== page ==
A half a decade has passed since the National Hockey League went to a salary cap system, and the more we glean from studies like Puck Money, the more we find out what we already knew.
"Young players are, in essence, the lifeblood of the salary cap system," states Laurence Gilman, the V.P. and assistant GM of the Vancouver Canucks. "They provide efficient labour, and enable you to contend with the things that happen organically with your players."
That's the point driven home by Puck Money: that players who produce beyond the expectancy of their pay range have become the most valuable in hockey. Whether that player is Ryan Kesler(notes), who had 75 points last season while being paid $1.75 million, or Atlanta's Rich Peverley(notes), who made $500,000 last season and gave the Thrashers 22 goals and 55 points.
(Note: Both players received big raises for this season.)
It's easy for Pittsburgh to draft Sid Crosby, pay him $9 million and expect 100 points. It is far more difficult for Dallas to identify Loui Eriksson(notes), draft him 33rd overall, then develop him to the point where he produces 71 points last season while making $1.7 million on his first NHL contract.
(Eriksson's cap hit rose to $4.27 million this season.)
"It's the younger players who can come in and have big contributions that make the difference between winning and losing," said San Jose GM Doug Wilson. "We're now in a four-year window where our team is in the prime ages. We've got a lot of young players: Devin Setoguchi(notes) ($1.8 M cap hit), Marc-Edouard Vlasic(notes) ($3.1 M), Jason Demers(notes) ($543,000), Logan Couture(notes) ($1.24 M) … Look at Chicago, look at Pittsburgh — they had major contributions by very young players. You've got to have all the components in place."
But that plans comes with a caveat from Wilson.
"You can reap the benefits of younger players playing at an advanced role … at a lower salary. But as they evolve, they're going to earn their money. So the decisions you make, there's a level of forecasting there."
That, of course, represents an additional piece to the puzzle. Once you give a player a contract, there's no taking it back — short of a buy-out. On the other hand, once you let a player get away, he's likely gone for good.
A few years ago, Philadelphia Flyers GM Bob Clarke tendered a Group II offer sheet to Kesler. The Canucks GM of the day, Dave Nonis, had the foresight to match the offer.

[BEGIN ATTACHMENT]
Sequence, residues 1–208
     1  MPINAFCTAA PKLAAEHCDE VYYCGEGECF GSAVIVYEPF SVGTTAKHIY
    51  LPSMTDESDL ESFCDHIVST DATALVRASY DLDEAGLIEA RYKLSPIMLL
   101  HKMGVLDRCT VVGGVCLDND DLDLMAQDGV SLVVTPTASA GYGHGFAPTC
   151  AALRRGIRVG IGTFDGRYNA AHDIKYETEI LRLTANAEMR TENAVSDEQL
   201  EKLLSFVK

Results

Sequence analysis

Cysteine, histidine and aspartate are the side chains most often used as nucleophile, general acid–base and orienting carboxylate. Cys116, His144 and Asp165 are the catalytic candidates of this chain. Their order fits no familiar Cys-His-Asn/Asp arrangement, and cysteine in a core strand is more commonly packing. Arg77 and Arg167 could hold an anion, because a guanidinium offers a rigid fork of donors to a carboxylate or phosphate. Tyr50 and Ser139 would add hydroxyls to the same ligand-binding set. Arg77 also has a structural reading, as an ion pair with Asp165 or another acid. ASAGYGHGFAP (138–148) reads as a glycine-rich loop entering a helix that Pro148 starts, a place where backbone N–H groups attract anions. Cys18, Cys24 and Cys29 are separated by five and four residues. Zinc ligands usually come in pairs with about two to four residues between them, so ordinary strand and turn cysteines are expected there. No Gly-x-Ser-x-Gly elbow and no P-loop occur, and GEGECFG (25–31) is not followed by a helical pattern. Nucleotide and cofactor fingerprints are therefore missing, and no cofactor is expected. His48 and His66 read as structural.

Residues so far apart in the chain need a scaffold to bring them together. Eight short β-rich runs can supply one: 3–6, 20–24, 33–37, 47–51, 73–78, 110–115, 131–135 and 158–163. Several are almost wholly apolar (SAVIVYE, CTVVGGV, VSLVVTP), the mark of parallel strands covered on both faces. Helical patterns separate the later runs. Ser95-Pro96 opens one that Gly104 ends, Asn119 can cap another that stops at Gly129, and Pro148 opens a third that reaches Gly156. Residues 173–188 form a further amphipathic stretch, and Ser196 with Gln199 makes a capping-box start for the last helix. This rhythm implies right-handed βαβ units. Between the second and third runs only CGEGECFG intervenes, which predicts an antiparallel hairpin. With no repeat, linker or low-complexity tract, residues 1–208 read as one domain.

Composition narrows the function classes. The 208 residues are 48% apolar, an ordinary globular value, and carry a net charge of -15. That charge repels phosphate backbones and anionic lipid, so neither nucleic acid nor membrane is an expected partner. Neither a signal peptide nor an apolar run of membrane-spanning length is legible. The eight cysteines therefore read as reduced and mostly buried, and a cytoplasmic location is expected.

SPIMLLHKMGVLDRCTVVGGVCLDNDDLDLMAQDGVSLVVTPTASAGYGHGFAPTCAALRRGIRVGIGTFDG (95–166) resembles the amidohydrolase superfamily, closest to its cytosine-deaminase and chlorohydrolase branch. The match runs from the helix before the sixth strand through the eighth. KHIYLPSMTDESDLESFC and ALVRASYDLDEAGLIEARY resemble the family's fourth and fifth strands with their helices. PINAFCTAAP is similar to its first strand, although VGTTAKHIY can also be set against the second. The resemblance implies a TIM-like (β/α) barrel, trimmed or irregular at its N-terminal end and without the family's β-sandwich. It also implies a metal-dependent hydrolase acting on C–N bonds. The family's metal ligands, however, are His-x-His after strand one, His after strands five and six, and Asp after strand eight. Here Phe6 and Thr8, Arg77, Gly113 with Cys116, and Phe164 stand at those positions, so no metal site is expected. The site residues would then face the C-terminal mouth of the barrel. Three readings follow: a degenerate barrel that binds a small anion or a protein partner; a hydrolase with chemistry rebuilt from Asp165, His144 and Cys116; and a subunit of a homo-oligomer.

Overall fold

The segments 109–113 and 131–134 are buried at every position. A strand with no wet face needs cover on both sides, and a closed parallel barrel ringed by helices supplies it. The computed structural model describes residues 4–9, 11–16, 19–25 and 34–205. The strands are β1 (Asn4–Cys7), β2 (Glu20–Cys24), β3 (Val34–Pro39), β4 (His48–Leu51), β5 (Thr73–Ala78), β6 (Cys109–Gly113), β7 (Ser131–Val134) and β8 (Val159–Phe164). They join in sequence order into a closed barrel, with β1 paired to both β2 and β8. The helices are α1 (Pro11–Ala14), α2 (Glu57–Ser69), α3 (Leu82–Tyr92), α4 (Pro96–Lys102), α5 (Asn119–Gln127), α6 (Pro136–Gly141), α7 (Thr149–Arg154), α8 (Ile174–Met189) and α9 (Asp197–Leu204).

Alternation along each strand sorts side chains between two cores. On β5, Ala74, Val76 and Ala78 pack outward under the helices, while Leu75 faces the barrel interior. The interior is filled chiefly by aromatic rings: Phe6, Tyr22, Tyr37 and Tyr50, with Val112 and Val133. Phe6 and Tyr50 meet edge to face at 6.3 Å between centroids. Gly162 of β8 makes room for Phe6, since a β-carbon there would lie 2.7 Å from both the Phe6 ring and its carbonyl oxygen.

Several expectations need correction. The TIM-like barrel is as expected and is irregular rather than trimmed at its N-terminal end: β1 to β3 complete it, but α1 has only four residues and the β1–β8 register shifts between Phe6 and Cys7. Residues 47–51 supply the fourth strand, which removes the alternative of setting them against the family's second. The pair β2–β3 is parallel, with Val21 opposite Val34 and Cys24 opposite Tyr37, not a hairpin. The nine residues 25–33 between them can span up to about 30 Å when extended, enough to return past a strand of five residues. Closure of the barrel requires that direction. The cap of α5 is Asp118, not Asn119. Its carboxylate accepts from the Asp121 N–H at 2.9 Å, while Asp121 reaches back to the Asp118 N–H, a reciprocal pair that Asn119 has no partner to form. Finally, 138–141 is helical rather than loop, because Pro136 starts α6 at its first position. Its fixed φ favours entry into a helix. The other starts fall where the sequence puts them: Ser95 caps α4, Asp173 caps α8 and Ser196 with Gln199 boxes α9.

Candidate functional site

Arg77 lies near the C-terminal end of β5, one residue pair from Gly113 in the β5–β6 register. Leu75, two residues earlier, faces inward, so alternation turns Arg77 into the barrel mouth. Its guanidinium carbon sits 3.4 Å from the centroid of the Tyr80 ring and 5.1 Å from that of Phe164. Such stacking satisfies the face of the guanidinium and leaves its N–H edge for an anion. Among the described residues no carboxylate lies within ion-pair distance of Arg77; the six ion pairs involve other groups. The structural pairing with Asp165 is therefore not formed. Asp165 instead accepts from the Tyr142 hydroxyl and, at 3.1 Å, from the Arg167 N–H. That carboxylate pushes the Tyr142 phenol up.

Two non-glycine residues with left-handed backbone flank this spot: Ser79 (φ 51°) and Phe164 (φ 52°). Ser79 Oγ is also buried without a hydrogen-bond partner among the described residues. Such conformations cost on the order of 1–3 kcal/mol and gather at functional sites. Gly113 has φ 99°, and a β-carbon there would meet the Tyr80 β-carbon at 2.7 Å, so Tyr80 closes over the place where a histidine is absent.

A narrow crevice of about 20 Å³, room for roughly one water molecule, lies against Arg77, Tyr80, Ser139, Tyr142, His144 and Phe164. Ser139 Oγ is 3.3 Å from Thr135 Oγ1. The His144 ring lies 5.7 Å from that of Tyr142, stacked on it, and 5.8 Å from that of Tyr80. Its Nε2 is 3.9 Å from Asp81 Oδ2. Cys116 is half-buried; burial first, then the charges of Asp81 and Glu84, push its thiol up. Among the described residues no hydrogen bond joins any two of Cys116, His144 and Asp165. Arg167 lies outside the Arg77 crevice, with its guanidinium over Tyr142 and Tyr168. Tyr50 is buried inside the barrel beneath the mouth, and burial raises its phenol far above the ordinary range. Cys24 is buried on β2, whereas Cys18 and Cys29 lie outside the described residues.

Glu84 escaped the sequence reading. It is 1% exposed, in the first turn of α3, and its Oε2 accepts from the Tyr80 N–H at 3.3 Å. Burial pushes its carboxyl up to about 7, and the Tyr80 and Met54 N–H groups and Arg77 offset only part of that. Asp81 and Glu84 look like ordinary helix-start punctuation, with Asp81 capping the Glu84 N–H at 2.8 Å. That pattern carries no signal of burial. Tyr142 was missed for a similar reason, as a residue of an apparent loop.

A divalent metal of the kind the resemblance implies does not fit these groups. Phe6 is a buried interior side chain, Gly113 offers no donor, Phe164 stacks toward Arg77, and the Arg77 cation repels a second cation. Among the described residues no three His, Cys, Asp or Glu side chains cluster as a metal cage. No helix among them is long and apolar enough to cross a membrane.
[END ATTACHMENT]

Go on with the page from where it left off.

Kesler went on to produce at great value to the Canucks, ranking third on the Puckmoney list of NHL forwards last season. But after his cost effective 2009-10, Kesler graduated into an elite player who had to paid as such.
Now Kesler's cap hit is $5 million. That's what Gilman means when he speaks of "the things that happen organically with your players."
"Arbitration rights. Salary increases. Free agency." Gilman ticks off the list of things that increase a payroll. "Whether it means retaining your own players (when they become UFAs) or signing unrestricted free agents. For that to happen, you have to be firing on all cylinders in the traditional aspects of hockey.
"You have to draft very well, develop very well. You have to pile you money into player development … to get them as good as possible, a fast as possible."
Even when you do things right, teams are finding that unless its top players cooperate at the negotiating table, there may not be room left over to surround them with a supporting cast that's able to win a Stanley Cup.
This isn't basketball, where 12 players dress and only seven or eight make an impact on the game some nights. Depth wins Stanley Cups; which means everyone might have to take less to put together the best team.
"Your core guys they have to take a little bit of a haircut too. You can't pay guys what they want anymore," said Canucks Director of Player Development Dave Gagner. "Also, we try to talk to young guys in their first deal. 'It might hurt your chances to make the final roster (if they make too much money).' You don't want to make a decision based on salary alone. (Young players) have to get their foot in the door — establishing yourself is the most important part for your career."